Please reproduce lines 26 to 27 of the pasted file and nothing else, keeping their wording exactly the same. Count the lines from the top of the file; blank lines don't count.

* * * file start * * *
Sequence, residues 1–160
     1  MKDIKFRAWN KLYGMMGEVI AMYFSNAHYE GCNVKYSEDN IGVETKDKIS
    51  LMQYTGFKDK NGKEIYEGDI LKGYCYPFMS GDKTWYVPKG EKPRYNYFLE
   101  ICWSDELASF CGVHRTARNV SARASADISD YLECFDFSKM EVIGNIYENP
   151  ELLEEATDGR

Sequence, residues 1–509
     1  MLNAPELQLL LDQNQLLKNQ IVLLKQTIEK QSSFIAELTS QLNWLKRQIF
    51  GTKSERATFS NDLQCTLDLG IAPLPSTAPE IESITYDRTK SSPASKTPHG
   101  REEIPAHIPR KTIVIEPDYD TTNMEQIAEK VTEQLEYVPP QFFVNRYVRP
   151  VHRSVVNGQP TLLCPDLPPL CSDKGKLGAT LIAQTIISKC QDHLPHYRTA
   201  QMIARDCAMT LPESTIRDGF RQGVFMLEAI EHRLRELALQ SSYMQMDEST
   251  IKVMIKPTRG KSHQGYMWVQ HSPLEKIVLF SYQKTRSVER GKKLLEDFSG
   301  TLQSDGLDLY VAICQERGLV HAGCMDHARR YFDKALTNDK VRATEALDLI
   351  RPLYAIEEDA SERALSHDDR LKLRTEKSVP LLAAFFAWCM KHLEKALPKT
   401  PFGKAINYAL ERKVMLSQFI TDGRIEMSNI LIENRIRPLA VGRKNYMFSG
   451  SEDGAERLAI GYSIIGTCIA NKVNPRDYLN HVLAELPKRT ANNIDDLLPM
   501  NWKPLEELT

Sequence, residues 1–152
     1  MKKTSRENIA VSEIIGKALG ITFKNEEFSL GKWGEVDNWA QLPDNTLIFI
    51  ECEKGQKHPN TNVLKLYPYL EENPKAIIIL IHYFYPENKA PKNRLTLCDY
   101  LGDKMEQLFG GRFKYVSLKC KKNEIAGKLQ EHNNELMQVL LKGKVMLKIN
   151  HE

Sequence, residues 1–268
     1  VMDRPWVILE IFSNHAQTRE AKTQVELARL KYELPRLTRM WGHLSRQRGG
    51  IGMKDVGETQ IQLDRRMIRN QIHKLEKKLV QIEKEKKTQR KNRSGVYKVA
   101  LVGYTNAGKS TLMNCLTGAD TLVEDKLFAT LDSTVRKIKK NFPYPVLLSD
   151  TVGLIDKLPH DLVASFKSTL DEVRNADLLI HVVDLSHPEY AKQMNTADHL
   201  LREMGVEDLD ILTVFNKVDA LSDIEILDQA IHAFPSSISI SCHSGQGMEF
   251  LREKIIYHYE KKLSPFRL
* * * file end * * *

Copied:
   101  LVGYTNAGKS TLMNCLTGAD TLVEDKLFAT LDSTVRKIKK NFPYPVLLSD
   151  TVGLIDKLPH DLVASFKSTL DEVRNADLLI HVVDLSHPEY AKQMNTADHL